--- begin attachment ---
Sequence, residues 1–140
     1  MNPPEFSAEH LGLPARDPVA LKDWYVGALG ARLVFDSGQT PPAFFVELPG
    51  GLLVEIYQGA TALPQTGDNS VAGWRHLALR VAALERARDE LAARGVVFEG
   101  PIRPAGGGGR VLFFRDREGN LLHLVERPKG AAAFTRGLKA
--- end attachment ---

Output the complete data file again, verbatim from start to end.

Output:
Sequence, residues 1–140
     1  MNPPEFSAEH LGLPARDPVA LKDWYVGALG ARLVFDSGQT PPAFFVELPG
    51  GLLVEIYQGA TALPQTGDNS VAGWRHLALR VAALERARDE LAARGVVFEG
   101  PIRPAGGGGR VLFFRDREGN LLHLVERPKG AAAFTRGLKA